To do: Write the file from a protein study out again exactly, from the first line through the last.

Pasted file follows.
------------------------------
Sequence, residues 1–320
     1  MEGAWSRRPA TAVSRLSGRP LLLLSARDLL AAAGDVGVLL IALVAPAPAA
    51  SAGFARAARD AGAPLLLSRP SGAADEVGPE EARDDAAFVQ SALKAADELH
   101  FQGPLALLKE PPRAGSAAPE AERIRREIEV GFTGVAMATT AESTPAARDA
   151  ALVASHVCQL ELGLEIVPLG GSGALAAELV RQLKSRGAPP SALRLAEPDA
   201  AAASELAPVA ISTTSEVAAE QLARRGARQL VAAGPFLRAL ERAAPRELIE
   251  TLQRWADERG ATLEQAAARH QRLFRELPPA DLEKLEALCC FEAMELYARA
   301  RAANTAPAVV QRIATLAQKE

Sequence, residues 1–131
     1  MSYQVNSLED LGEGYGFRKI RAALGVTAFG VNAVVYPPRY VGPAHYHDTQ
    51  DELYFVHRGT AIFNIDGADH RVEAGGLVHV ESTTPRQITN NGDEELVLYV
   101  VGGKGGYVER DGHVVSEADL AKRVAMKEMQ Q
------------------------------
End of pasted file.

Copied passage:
Sequence, residues 1–320
     1  MEGAWSRRPA TAVSRLSGRP LLLLSARDLL AAAGDVGVLL IALVAPAPAA
    51  SAGFARAARD AGAPLLLSRP SGAADEVGPE EARDDAAFVQ SALKAADELH
   101  FQGPLALLKE PPRAGSAAPE AERIRREIEV GFTGVAMATT AESTPAARDA
   151  ALVASHVCQL ELGLEIVPLG GSGALAAELV RQLKSRGAPP SALRLAEPDA
   201  AAASELAPVA ISTTSEVAAE QLARRGARQL VAAGPFLRAL ERAAPRELIE
   251  TLQRWADERG ATLEQAAARH QRLFRELPPA DLEKLEALCC FEAMELYARA
   301  RAANTAPAVV QRIATLAQKE

Sequence, residues 1–131
     1  MSYQVNSLED LGEGYGFRKI RAALGVTAFG VNAVVYPPRY VGPAHYHDTQ
    51  DELYFVHRGT AIFNIDGADH RVEAGGLVHV ESTTPRQITN NGDEELVLYV
   101  VGGKGGYVER DGHVVSEADL AKRVAMKEMQ Q